IAEA told to get tough with Israel

Arab countries have urged the United Nations nuclear watchdog to get tough with Israel to let inspectors assess its nuclear programme in line with similar pressures on Iran.

    The IAEA is accused of double-standards

    Israel has not signed the nuclear Non-Proliferation Treaty (NPT) and has never officially admitted to having nuclear weapons. However, the Nuclear Threat Initiative, a US-based think-tank, estimates Israel has from 100 to 200 nuclear bombs.

       

    The Arab League on Wednesday submitted a draft resolution to the International Atomic Energy Agency (IAEA) General Conference, an annual meeting of all 137 IAEA states, calling on Israel to sign the NPT and open up its nuclear programme to UN inspections.

     

    Tensions

       

    Oman's ambassador to the IAEA Salim M. Al-Riyami said tensions in the Middle East, the North Korean crisis, the war in Iraq and fears about Iran's nuclear programme

    have boosted support for Arab calls to push the IAEA to get tough with Israel.

       

    "With what happened this year, I think the world is more keen to see the region of the Middle East, North Korea - and what is happening now in Iran and Iraq - I think it's time to deal with this issue more substantively than before," he said.

       

    Al-Ryami, speaking on behalf of the Arab League, said it was unfair that countries were getting tough with Iran, which Washington says has a secret nuclear weapons programme, while ignoring Israel's weapons.

       

    "I think in the Arab region, people do think that there is a double standard regarding the countries and how (their nuclear programmes) should be tackled," he said.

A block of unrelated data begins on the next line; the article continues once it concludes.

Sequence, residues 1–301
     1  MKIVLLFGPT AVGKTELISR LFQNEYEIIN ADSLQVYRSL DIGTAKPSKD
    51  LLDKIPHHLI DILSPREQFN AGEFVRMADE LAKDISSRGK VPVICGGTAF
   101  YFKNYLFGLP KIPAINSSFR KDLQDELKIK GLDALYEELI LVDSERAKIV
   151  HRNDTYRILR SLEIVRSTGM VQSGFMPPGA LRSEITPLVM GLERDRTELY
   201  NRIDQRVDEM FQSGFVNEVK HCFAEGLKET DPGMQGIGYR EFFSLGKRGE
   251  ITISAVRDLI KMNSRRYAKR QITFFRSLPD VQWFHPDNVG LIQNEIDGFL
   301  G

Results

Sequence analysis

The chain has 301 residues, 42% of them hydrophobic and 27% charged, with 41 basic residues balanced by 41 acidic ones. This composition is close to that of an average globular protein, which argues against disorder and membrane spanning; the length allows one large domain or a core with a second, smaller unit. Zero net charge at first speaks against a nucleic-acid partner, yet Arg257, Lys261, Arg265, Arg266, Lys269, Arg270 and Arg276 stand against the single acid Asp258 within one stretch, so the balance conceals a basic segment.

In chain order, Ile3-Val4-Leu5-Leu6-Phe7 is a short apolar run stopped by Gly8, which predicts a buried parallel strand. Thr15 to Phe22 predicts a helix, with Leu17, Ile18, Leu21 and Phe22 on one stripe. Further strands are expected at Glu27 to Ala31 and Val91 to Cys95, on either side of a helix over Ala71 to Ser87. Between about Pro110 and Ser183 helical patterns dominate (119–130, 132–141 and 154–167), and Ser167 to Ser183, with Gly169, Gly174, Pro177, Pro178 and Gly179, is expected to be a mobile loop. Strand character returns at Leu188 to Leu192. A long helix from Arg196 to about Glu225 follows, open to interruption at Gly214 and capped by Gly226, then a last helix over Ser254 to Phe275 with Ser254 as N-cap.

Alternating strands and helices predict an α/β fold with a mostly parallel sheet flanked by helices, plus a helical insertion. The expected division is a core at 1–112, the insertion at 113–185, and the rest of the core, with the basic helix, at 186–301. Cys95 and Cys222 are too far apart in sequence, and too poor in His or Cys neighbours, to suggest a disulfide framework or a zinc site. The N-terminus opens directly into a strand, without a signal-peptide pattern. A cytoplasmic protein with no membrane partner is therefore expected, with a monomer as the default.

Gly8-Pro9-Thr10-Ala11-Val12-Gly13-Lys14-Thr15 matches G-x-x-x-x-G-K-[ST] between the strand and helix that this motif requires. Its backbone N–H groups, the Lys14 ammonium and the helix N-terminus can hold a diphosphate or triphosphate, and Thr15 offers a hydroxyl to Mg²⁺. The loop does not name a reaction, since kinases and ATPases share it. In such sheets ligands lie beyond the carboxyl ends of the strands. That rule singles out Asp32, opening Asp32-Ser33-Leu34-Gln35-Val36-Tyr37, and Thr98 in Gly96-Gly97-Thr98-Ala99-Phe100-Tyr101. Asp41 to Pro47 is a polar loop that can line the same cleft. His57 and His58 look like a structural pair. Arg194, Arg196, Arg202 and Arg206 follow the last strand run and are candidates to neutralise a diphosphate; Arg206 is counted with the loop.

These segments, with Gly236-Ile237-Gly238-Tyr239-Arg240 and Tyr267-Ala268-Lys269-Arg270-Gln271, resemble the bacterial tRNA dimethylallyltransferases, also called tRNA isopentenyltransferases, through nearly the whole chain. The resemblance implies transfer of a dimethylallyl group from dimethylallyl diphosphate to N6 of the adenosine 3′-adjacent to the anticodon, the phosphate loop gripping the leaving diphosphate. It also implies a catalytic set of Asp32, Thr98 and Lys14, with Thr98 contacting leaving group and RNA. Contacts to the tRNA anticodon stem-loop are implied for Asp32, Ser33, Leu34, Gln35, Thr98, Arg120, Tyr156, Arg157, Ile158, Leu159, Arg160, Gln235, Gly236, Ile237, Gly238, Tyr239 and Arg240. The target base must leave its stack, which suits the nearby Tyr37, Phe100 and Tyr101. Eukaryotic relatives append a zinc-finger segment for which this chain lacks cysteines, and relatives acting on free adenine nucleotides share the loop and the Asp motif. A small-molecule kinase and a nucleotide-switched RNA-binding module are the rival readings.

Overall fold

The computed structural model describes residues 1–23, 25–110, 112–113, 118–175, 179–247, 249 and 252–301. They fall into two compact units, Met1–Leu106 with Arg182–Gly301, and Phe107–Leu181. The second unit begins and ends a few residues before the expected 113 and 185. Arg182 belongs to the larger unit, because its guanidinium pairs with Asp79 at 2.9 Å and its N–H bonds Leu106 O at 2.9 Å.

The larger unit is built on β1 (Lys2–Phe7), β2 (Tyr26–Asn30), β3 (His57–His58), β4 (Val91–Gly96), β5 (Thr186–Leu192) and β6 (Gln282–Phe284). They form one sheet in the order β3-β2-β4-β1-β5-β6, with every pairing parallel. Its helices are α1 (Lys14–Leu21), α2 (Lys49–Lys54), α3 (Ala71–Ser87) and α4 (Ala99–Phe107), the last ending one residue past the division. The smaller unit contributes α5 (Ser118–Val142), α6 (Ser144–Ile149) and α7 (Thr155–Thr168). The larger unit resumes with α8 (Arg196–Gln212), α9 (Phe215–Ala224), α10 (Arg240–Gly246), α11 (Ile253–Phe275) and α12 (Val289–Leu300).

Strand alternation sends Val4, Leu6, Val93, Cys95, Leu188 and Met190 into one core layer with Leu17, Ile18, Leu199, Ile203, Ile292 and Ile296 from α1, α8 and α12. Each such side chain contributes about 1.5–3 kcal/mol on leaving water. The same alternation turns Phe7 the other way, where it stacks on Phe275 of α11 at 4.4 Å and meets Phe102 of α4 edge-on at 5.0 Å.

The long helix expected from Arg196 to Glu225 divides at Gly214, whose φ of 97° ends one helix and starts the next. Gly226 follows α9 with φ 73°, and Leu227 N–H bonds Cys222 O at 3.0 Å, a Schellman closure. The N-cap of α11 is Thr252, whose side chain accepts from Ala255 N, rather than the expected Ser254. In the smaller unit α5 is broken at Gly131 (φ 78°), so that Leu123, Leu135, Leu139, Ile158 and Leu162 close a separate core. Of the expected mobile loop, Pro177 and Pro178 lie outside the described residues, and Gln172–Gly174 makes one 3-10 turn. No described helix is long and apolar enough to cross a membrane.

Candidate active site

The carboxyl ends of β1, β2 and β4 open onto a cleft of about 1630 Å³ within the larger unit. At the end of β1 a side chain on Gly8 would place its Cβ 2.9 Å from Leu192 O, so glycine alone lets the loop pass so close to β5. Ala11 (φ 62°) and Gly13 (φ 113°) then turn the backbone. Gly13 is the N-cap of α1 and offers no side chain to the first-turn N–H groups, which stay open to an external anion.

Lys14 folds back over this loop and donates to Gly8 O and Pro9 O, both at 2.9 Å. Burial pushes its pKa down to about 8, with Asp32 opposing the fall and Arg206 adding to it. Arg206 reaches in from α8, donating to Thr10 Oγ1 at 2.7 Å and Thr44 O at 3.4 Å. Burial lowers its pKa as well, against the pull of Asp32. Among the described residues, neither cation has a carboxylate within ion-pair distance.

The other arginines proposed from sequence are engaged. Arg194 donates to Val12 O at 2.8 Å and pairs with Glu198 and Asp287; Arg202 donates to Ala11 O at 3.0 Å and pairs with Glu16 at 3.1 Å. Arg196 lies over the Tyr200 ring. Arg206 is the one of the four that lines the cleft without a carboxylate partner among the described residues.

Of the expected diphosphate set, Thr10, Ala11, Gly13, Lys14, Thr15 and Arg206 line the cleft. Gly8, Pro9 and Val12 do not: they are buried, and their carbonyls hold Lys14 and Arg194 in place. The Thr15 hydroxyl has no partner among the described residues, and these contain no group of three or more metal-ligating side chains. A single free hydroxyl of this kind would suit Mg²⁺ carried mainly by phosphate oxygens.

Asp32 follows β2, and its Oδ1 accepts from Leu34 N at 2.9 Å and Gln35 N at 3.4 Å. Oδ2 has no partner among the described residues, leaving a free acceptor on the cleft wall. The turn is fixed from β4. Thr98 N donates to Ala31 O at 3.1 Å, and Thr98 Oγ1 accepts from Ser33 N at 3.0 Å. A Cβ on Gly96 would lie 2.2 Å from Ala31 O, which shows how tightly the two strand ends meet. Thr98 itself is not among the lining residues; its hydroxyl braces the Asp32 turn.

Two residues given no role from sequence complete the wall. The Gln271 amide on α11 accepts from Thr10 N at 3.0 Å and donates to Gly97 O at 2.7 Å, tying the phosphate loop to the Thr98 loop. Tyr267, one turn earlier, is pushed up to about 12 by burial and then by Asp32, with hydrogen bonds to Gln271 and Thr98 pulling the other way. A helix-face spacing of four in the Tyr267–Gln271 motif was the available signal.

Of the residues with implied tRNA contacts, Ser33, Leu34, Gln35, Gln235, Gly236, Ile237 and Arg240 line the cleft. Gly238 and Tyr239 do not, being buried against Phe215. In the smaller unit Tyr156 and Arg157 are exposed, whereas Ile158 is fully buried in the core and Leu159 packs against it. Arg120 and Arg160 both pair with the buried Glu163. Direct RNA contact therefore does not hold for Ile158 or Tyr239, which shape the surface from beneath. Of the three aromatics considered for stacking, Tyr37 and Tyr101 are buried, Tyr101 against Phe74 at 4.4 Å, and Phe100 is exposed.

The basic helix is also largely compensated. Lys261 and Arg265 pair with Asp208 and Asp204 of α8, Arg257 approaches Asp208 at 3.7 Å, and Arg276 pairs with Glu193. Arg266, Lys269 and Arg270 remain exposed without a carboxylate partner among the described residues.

"I think in the Arab region, people do think that there is a double standard regarding the countries and how [their nuclear programmes] should be tackled"

    Salim M. Al-Riyami
    Oman's Ambassador to IAEA

    Referring to Friday's US-backed resolution giving Iran until 31 October to enable the IAEA to verify it has no weapons programme, Al-Riyami said the same should be done for Israel.

       

    "The minimum is that Israel could sign the NPT," he concluded. "All the countries in the region have signed it."

       

    The UN General Assembly and IAEA General Conference have adopted 13 resolutions since 1987 with the same appeal to Israel and all of them have been ignored. It was unclear how many votes Wednesday's Arab League draft resolution would get.

       

    The head of Israel's Atomic Energy Commission, Gideon Frank, dismissed the Arab League effort in a speech to the conference.  "We see no factual basis for this draft resolution," he said and urged member states not to support it.

    SOURCE: Unspecified


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